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Battling Information Overload

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Battling Information Overload

by Reid Goldsborough

Email. Blogs. Texting. Online discussion groups. Instant messaging. RSS feeds. Web sites. Not to mention such “old media” sources as newsletters, journals, reports, books, newspapers, and magazines. In this Jetsonian Tomorrowland we live in, facilitated by the Internet, we’re inundated with information.

Information overload isn’t a new phenomenon. Nearly two millennia ago, the Roman philosopher Seneca wrote, “What is the use of having countless books and libraries whose titles their owners can scarcely read through in a whole lifetime? The learner is not instructed but burdened by the mass of them.”

Still, the quantity of information produced today is unprecedented. According to the study “How Much Information?” from the University of California at Berkeley, the amount of information produced in the world increases by about 30 percent every year. The Internet is a big part of this. According the Official Google Blog (googleblog.blogspot.com), Google achieved a milestone in 2008 by finding 1 trillion unique links on the Web, up from 1 billion in 2000.

The catchphrases shed light on the situation. We’re dealing with an “exoflood” of information, forcing us into a state of “continuous partial attention” and causing “interruption overload.” The consequences aren’t pretty. To try to keep up with the infoglut, we’re starting our workday earlier and ending it later, in some cases never ending it. With the help of the ever-expanding choices of ever-cooler portable communication devices, many of us are, less than blissfully, connected 24/7.

What’s more, as the level of information input increases, our capacity to process and retain that information decreases. The noggin is only so big. Try to fill it beyond its capacity, and you’ll wind up wandering around the streets asking for directions to the Yellow Brick Road. As a misguided weapon against the flood, some people periodically declare “email bankruptcy” by deleting all unread emails and starting afresh. The problem is, of course, that vital information might be in those deleted messages. Some companies have banned such communication media as instant messaging and blogging, regardless of whether they pertain to work-related issues.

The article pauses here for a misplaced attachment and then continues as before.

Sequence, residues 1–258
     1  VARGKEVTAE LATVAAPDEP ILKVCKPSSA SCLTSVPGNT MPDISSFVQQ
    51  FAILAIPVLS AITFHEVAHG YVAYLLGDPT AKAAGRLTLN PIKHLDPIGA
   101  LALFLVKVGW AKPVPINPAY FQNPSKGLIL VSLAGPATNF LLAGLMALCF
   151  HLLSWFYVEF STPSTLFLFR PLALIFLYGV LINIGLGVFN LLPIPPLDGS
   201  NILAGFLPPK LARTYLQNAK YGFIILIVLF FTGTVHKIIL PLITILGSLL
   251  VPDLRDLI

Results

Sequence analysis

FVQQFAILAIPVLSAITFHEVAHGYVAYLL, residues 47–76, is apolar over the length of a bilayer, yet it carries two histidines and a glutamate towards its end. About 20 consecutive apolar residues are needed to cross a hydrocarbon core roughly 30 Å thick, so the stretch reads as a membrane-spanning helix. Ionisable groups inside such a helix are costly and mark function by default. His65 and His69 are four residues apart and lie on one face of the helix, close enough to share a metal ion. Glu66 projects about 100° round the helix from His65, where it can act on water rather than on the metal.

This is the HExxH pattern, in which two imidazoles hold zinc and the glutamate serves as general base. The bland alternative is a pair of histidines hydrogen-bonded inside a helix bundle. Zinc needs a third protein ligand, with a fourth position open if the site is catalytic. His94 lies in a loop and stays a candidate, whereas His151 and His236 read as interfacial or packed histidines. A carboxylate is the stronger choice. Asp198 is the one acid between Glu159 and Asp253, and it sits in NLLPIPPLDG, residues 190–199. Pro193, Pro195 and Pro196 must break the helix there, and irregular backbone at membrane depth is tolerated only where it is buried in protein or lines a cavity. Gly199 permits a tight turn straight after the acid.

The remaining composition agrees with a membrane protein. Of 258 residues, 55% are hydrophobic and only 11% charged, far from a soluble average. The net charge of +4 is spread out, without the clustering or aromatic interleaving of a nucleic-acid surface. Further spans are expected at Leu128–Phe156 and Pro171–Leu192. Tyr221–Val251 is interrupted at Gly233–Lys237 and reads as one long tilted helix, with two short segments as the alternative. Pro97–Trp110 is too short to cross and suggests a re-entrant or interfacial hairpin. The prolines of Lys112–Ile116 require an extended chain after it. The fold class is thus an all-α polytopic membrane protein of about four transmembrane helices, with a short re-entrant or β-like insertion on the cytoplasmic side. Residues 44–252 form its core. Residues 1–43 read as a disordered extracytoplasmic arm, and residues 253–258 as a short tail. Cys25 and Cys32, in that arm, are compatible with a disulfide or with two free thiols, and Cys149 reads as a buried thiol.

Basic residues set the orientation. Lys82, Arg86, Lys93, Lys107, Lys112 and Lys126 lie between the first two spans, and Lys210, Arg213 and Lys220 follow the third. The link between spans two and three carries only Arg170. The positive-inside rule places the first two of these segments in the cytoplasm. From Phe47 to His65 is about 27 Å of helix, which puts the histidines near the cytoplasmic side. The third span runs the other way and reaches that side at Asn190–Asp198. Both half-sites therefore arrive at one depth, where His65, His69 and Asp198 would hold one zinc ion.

Tips to Try

To study and raise awareness about the problem, interested parties from the corporate and academic worlds recently created the Information Overload Research Group (iorgforum.org).

Since much of the overload problem stems from the snippets of information that seem to constantly bombard and interrupt us, the group has put out some tips on dealing with snippets, including:

Set aside time for email each day to keep it from backing up.

Turn email notification off in your email program to prevent yourself from being continually interrupted as new emails arrive.

Read the entire thread of any email or discussion group message before responding to ensure you’re responding to the latest points made and not presenting information already provided.

When possible, send a message that’s only a subject line so recipients don’t have to open the email, ending the subject line with <EOM>, the acronym for End of Message.

The nonprofit Information Overload Research Group is supported in part by Basex Inc. (basex.com), a for-profit consulting firm specializing in helping improve the productivity of “knowledge workers.” Basex has put together a report titled “Information Overload: We Have Met the Enemy and He Is Us.” Among the tips included in the report:

Don’t email someone and then immediately follow up with an instant message or phone call.

When possible, restrict individual emails to a single request or theme.

Make sure that the subject line of any email clearly reflects both the topic of the message and its urgency.

Read your own emails before sending them to make sure they will be clear to others, recognizing that typed words can often be misleading in tone and intent.

Don’t burden colleagues with unnecessary email, especially one-word replies such as “Thanks!” or “Great!” that are sent to the entire group that received the initial email.

Be patient with an instant message that doesn’t get an instant response, and make it clear when you’re busy or away and can’t respond immediately.

Supply all relevant details in any communication instead of assuming that recipients have the information.

Ours is an information society. It assails us, surrounds us, and demands our attention. How you deal with information can determine your professional and personal success to a great extent. Information can lead to knowledge and knowledge to wisdom, but managing information requires some wisdom of its own.

Reid Goldsborough, a syndicated columnist and author of the book Straight Talk About the Information Superhighway, can be reached at reidgold@comcast.net or reidgoldsborough.com.



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